Homebrew:Pac-Man

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Recording of the finished version of Pac-Man.

An early mockup of the Pac-Man playing field.


This Pac-Man homebrew was developed by Blackbird with help from e5frog. The plan was to port the original Arcade game to the Channel F as closely as possible, with several easter-egg added in. The goal was to have the game fit into 2k, with no external RAM, but the specs was updated as time went by.

Updates

November 19, 2004: As it's the start of this page, I'm going to release build 14 here: [1] This adds some music routines (courtesy of e5frog), sprites for Pac-Man in all four directions, and the most major change, pellets! You can eat the pellets as the game keeps track, and once they are all cleared, the board will flash.

There are some issues with it, mainly collision detection with the dots, which will be revised in the future versions.

August 14, 2007: Pac-man has been almost ready for a long time now at build 28, it has almost all the features of the real thing except for a few details. Monsters don't run away when they turn blue, monsters don't slow down in the tunnel and there's also no sliding through the tunnel, object simply disappear and reappear at the other side. There is also no speed increase and no continuous sound effects while playing except for a few clicks when eating and beeps when monsters are eatable. Oh - and there are no intermissions... Other than that, I think we've managed to squeeze everything in, even a nice intro.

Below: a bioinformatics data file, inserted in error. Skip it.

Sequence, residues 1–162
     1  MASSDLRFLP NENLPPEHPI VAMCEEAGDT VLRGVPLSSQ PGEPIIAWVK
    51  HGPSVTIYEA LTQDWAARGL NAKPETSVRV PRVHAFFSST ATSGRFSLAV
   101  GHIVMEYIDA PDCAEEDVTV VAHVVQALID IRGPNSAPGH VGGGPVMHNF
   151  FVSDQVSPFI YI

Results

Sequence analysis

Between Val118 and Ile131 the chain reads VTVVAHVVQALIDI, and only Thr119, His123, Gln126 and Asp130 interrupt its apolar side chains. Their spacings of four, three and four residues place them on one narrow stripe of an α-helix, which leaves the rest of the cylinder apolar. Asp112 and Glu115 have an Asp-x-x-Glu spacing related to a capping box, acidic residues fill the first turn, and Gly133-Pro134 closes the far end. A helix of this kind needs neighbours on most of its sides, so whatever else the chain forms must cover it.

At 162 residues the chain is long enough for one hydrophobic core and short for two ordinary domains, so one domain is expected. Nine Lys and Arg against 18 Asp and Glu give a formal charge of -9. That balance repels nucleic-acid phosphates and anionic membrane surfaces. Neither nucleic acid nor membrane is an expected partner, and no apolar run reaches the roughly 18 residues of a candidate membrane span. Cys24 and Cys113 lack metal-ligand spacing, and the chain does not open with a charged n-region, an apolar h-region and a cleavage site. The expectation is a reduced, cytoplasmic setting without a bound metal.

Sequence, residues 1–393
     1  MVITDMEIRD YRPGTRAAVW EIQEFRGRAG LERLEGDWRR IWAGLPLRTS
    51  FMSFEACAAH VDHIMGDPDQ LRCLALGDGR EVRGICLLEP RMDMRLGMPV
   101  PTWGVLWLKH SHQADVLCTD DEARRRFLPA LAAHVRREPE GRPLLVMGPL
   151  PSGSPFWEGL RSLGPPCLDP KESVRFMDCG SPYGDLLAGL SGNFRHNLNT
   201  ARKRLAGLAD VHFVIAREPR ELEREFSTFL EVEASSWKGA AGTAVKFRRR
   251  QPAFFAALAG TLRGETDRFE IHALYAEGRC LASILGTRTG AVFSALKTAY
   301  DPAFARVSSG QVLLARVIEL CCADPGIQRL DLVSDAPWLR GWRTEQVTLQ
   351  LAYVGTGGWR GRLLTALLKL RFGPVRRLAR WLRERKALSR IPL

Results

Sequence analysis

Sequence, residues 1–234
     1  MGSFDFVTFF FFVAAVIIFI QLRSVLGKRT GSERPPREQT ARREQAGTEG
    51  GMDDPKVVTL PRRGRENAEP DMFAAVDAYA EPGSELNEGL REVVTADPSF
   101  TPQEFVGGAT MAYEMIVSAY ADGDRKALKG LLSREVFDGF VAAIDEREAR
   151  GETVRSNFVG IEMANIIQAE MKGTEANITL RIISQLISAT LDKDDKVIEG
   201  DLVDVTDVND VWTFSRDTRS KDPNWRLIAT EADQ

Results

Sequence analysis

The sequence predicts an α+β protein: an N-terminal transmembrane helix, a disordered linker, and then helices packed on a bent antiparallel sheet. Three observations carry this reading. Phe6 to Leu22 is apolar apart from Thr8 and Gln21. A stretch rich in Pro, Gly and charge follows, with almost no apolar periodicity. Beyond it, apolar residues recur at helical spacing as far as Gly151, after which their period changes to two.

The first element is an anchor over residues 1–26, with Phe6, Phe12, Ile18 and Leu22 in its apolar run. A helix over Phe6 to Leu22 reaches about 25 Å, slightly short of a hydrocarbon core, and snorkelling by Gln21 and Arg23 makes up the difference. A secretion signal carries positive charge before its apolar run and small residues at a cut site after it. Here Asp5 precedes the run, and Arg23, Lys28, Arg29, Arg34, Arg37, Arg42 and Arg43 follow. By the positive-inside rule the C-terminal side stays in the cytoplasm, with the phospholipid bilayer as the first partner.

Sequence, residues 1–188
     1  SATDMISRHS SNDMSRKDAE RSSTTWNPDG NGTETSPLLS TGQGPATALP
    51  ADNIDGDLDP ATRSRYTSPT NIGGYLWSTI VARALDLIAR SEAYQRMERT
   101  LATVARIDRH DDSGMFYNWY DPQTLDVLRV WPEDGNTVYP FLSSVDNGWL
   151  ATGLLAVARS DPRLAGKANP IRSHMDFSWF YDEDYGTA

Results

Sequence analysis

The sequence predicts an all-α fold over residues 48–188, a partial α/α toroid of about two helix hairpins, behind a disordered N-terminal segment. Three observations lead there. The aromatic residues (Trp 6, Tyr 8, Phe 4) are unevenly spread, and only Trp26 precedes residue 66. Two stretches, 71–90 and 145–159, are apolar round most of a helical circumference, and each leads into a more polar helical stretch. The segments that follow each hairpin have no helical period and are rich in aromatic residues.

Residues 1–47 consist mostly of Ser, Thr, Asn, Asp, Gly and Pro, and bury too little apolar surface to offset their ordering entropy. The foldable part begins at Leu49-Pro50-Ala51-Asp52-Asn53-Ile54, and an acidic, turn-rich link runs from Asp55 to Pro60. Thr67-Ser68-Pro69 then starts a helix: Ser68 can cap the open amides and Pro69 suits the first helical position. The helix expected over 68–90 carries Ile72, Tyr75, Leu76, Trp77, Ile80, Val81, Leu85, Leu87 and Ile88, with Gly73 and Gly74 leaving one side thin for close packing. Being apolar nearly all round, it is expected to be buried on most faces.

Game is almost 8kB and uses the extra RAM to backup scores, copy player-data (on 2-player games) and a few other things.

November 5th, 2009: The version that's final is done, some carts have been made already with earlier versions. Even though there are small details left that could be fixed it has come together as a very good game and appropriate version of the original game. Ended up at 14kB with all intermissions. Missing features that could have been added: 256th broken table, better tunneling...

2012: Tried adding FeRAM to keep the score after turning cart off, worked great, multiplied the number of times the highscore is written in the memory to decrease risk of trashing the score at power on/off or ejecting the cart. Recommend holding reset at such operations just to be safe. Last cartridge #50 was sold to an American fellow with this feature added. Binary and code available last in the list below. ...

In total 50 copies made, all complete with box and instruction booklet.


Binaries